Quiet by Susan Cain

Susan Cain covers a lot of ground in Quiet (whose subtitle is “The Power of Introverts in a World That Can’t Stop Talking”). After starting with the idea that “where we fall on the introvert-extrovert spectrum” might be “the single most important aspect of personality,” she goes on to explore what she calls “the Extrovert Ideal” and how she thinks it came about in the US—and how that ideal means our culture often short-changes introverts, failing to see their strengths and pathologizing their differences. In addition to talking about what introversion looks like/how introverts experience the world, she talks about other related (but not identical) traits such as “sensitivity” and shyness. She talks about introvert/extrovert relationships, and about how workplaces and schools might better serve introverts (and better make use of their talents) and offers suggestions for parents of introverted kids. She touches on the fact that not all cultures have an “Extrovert Ideal” and specifically examines the ways in which some Asian Americans, in particular, may feel at odds with America’s emphasis on extroversion. It’s a lot, and I found most of it super-interesting, though I could have done without the “here’s a story about an introvert at some historical moment” parts about Rosa Parks, Gandhi, and Eleanor Roosevelt. (Not that those people are uninteresting, I was just more interested in the studies on introversion and on Cain’s conversations with living introverted people than those biographical mini-sketches.)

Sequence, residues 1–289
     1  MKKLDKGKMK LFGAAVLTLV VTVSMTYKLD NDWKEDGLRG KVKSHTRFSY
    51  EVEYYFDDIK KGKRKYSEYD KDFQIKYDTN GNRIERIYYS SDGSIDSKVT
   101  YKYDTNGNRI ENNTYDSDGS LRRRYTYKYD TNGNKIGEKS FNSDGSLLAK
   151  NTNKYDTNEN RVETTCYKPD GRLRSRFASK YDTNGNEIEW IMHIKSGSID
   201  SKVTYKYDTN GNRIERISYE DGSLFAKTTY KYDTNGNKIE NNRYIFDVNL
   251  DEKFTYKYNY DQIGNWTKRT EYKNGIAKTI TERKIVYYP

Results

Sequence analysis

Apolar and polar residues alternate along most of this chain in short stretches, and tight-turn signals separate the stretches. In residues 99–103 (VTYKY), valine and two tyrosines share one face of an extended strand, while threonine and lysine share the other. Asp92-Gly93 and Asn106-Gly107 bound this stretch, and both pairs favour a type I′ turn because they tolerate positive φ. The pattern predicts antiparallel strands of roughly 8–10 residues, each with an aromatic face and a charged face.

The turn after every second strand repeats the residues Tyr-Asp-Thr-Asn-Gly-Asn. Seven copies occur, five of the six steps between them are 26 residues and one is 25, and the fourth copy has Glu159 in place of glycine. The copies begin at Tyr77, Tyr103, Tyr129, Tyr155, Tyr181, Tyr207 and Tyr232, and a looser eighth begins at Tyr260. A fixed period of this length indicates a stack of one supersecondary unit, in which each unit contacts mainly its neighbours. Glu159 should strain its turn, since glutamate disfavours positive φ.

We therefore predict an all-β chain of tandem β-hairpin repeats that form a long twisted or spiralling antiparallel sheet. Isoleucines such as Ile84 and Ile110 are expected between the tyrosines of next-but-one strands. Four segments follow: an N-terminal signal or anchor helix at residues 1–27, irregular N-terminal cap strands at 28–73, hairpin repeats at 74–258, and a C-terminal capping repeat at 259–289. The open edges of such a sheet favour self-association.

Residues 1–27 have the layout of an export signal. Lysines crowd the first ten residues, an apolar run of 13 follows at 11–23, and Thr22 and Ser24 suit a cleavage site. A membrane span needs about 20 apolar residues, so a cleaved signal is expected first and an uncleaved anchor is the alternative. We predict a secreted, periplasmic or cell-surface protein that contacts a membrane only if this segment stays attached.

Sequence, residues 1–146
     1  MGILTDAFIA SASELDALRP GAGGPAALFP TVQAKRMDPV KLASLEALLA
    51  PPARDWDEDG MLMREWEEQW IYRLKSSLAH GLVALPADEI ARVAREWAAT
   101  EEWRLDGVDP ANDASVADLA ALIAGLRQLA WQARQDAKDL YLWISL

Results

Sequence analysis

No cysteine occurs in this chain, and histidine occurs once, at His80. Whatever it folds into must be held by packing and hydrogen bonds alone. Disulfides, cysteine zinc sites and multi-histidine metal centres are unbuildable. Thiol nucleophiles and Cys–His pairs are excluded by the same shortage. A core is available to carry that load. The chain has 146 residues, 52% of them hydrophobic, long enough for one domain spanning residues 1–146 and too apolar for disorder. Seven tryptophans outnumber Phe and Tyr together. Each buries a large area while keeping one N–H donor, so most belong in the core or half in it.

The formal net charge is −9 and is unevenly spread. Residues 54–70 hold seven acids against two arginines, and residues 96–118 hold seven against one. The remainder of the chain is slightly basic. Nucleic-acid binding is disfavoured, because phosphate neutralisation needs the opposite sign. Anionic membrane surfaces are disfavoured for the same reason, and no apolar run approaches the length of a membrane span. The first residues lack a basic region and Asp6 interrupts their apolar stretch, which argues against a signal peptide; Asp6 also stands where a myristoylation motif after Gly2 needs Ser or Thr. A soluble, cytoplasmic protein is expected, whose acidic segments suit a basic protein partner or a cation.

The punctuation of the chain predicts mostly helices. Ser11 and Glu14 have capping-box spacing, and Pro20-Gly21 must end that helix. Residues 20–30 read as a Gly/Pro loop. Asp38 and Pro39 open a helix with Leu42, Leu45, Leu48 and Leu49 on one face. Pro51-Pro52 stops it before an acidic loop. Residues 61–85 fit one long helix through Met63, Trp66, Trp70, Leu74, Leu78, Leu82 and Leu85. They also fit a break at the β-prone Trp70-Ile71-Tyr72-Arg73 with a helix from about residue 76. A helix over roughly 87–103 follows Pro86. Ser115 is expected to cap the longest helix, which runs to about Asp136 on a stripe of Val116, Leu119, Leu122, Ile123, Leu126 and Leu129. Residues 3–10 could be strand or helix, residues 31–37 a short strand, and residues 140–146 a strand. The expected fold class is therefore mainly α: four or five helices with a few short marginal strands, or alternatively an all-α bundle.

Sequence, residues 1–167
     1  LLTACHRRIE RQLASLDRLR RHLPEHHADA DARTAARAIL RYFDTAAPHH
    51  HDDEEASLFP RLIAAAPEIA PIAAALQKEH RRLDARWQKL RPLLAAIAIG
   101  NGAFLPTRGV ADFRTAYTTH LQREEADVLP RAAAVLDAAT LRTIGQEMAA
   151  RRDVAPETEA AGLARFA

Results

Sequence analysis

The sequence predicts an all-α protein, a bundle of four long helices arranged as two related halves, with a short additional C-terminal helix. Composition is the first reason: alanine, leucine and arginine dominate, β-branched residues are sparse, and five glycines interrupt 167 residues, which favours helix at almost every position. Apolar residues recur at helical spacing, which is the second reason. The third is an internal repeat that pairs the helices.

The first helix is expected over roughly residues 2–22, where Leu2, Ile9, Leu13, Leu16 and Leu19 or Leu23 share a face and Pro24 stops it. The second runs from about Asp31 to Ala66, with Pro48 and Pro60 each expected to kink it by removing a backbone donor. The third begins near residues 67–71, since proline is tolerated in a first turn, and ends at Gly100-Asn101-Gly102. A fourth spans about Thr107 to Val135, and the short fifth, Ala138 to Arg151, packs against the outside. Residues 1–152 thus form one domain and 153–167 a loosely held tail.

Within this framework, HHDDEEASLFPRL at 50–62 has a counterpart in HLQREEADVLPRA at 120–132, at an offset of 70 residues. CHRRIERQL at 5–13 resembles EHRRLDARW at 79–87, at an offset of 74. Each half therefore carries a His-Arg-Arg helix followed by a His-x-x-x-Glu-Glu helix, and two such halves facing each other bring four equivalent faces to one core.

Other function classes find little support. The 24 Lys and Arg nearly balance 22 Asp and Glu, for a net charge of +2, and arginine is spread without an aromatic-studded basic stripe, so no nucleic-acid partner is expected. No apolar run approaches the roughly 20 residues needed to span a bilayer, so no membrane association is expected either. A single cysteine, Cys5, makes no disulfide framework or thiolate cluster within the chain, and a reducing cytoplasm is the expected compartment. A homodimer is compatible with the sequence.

I am definitely an introvert, so a lot of the stuff about what introversion looks like and feels like was not a surprise to me, but it was nice to feel validated in my own feelings and experiences. Like: school and summer camp are not generally designed for introverts. Or like this statement: “Introverts feel “just right” with less stimulation, as when they sip wine with a close friend, solve a crossword puzzle, or read a book.” Elsewhere in the book Cain says this about stimulation, which, um, yes: “Over-arousal doesn’t produce anxiety so much as the sense that you can’t think straight—that you’ve had enough and would like to go home now.” (File under: how I feel at some point in the day whenever we go to an outlet mall.)

My husband is more of an ambivert (as he puts it, he used to think he was an introvert, and then he met me) and I had fun sharing various snippets from this book with him, like a story about an introvert/extrovert couple where the introvert wife is “always happy to see” her husband, “but sometimes she’d rather sit next to him reading than go out for dinner or make animated conversation. Simply to be in his company is enough.” Or that introverts “like to focus on one task at a time,” “tend to dislike conflict,” and “often feel as if they express themselves better in writing than in conversation.” (Yes, yes, and yes, and this is why I like having a job where a whole lot of my day involves written communication.)






Leave a Reply

Your email address will not be published. Required fields are marked *